Continental Classics: San Daniele

21 January 2016, 09:38 AM
  • For thousands of years, San Daniele prosciutto has been the pride of the mountainous region of Italy which it calls home. Daniela Celledoni of Consorzio del Prosciutto di San Daniele explains what makes this traditional delicacy so special
Continental Classics: San Daniele

The story of San Daniele begins over two thousand years ago, when the Romans began to make proscuitto in the San Daniele area. They had discovered that keeping pork meat during winter at cold temperatures under salt they could preserve the meat for the entire year ahead. At that time, keeping food to last a long time was a major issue as, needless to say, there was no refrigeration! This was, and is, possible because of various factors. The microclimate of the geographical area is unique; it’s midway between the Alps and the Adriatic Sea, where the cool breezes from the mountains meet the warm breezes from the sea. The area is on top of a hill with a morainic soil so the water drains easily, and there is a main river beside this hill. All these things work together to form a particular microclimate which is the ideal combination of temperature, humidity and ventilation for maturing meat.

Today, the production process is still the same that it always has been – the technology has evolved, but is only used to keep the temperature consistent throughout the year. Prosciutto di San Daniele is made using only meat, salt and the unique natural atmosphere. There are lots of details which determine the quality of the end product –  for example the legs must be fresh. The process begins with the salting, the duration of which is dependent on the weight of the legs. The salt is then washed away using warm water then the legs are kept hanging in the maturing rooms at a low temperature (0-4°C) for four months. This ensures that no bacteria remains. After four months the legs are kept in different maturing rooms which have gradually increasing temperatures until they reach ambient temperature. The minimum maturation period is 13 months, as per the product specifications. After this time, all the prosciuttos are carefully inspected by the controlling body, and if they meet all of the necessary requirements they will be marked with the San Daniele brand. This is a very important step, as up until this time they are not recognised as San Daniele prosciutto – this represents a lot for consumers as they know that all San Daniele prosciutto will meet that high level of quality and care as standard. The influence of the microclimate means that you need to keep the drying process gradual. 13 months in another microclimate would create a different prosciutto; San Daniele prosciutto is recognised to be very tender and delicate in taste with a fantastic balance of sweet and savoury, and it wouldn’t be possible to create these qualities elsewhere. If it was produced in a drier climate, you would get a drier prosciutto with a more intense flavour. Another valuable element are the ingredients used – Prosciutto di San Daniele is made using the legs of Italian pigs born and raised exclusively in 10 different regions across northern and central Italy. It’s this dedication to quality and detail which have earned San Daniele prosciutto PDO status.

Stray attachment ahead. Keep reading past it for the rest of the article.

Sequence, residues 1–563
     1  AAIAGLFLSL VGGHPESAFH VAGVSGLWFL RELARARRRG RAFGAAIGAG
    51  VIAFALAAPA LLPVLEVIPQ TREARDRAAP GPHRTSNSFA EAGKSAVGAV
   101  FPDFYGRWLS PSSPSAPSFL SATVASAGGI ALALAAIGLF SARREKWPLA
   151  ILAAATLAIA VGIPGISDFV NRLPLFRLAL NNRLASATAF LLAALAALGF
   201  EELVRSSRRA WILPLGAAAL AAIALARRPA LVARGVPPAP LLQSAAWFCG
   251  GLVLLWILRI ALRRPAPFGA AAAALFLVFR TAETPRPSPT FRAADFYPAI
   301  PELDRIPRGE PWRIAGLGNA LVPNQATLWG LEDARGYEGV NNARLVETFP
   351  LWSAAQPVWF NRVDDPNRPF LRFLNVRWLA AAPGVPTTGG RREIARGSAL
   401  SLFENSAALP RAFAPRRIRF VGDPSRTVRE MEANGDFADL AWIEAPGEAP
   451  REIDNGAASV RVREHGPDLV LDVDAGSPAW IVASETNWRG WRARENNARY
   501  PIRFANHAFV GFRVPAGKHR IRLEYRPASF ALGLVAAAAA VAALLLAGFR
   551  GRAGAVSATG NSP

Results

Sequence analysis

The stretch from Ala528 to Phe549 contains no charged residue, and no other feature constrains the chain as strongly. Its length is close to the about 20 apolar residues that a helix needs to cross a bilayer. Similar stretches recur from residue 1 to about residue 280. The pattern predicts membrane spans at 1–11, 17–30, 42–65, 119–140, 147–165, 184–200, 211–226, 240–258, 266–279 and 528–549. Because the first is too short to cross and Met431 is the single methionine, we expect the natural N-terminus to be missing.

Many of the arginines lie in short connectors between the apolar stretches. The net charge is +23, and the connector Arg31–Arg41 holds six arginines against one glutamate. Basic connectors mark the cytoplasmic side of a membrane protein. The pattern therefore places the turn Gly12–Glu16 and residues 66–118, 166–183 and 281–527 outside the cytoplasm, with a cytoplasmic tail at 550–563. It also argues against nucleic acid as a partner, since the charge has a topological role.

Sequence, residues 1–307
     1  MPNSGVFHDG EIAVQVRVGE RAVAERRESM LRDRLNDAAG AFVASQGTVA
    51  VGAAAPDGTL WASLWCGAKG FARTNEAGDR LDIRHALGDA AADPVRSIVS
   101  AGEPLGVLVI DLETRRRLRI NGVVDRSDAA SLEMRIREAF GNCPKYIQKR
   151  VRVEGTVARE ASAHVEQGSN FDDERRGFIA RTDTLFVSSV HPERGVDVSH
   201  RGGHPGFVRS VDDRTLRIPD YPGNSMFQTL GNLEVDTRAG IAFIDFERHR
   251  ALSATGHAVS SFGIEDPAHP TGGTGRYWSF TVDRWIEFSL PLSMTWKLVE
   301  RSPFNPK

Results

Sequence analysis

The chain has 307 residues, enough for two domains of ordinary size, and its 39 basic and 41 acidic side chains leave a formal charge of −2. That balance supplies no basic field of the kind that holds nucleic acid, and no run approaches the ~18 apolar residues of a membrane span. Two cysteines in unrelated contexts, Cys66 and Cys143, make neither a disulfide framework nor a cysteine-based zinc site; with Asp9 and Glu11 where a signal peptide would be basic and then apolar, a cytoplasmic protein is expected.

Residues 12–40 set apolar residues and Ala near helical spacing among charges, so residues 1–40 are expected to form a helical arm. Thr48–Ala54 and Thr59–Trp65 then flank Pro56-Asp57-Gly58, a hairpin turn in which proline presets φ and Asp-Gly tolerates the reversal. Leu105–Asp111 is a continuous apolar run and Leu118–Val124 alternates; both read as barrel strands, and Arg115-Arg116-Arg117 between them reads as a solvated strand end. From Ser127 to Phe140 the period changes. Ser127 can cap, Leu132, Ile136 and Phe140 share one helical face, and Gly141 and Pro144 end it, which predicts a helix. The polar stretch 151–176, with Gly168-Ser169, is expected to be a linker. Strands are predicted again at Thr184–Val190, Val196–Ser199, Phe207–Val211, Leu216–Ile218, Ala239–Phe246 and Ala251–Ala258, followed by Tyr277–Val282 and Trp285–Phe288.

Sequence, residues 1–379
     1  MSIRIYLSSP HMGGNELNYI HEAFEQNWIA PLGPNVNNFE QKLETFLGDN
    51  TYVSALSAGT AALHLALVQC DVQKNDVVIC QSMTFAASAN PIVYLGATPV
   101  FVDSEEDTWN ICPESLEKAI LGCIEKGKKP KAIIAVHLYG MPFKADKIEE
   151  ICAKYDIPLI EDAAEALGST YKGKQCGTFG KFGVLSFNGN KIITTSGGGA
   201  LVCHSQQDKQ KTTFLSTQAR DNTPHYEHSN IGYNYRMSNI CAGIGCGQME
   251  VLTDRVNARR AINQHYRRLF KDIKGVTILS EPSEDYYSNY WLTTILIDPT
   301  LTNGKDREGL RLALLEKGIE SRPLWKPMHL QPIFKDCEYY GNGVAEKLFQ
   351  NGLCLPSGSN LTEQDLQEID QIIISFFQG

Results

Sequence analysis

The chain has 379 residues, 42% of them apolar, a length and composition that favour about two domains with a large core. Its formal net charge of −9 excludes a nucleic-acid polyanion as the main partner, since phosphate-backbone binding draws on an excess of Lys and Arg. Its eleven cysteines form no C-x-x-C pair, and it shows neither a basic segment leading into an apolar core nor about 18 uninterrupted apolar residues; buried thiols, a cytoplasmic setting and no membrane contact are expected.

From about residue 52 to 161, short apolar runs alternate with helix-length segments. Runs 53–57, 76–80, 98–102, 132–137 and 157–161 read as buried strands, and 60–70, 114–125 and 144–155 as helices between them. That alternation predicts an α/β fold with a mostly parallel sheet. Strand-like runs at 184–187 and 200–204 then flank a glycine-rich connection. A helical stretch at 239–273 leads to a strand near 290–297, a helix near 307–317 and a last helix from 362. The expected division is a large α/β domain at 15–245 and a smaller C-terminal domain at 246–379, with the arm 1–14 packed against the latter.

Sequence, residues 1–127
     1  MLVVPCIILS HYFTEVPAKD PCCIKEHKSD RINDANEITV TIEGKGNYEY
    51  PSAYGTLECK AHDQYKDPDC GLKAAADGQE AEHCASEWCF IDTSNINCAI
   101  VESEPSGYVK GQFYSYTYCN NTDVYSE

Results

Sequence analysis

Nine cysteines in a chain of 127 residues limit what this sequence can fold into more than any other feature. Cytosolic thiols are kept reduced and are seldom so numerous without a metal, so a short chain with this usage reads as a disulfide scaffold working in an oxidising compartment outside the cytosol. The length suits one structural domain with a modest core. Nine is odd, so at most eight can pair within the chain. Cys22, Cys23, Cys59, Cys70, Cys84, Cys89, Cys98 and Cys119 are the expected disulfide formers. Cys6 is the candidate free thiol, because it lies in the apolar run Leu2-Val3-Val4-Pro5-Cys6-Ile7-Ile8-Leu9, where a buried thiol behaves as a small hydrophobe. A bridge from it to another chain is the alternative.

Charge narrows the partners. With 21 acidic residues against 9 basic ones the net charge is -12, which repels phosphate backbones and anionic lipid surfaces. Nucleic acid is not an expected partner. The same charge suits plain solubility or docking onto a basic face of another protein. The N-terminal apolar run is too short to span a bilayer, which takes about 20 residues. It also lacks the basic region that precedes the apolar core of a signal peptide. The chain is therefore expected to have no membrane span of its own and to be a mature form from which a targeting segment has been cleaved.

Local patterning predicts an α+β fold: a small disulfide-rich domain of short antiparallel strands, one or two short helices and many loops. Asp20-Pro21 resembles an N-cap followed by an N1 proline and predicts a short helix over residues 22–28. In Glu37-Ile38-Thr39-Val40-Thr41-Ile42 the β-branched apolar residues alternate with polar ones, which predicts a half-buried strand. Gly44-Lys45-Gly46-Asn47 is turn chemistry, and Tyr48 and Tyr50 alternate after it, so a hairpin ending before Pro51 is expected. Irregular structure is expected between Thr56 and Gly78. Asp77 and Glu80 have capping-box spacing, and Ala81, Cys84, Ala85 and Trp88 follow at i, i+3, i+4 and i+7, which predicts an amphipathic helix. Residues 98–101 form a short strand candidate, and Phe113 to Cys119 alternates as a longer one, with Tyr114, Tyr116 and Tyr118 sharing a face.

We have a number of documents which show that since it was first created San Daniele has been a highly prized food. In the fifteenth century the prosciutto was used like money – there are written contracts where people paid friends or renters for houses or land with San Daniele prosciutto, and we have proof that it was enjoyed by the nobility and royal families across Europe. It continues to enjoy a reputation for quality today.

For more information about Prosciutto di San Daniele, including how to sell and serve, see the full feature in the February/March issue of Speciality Food

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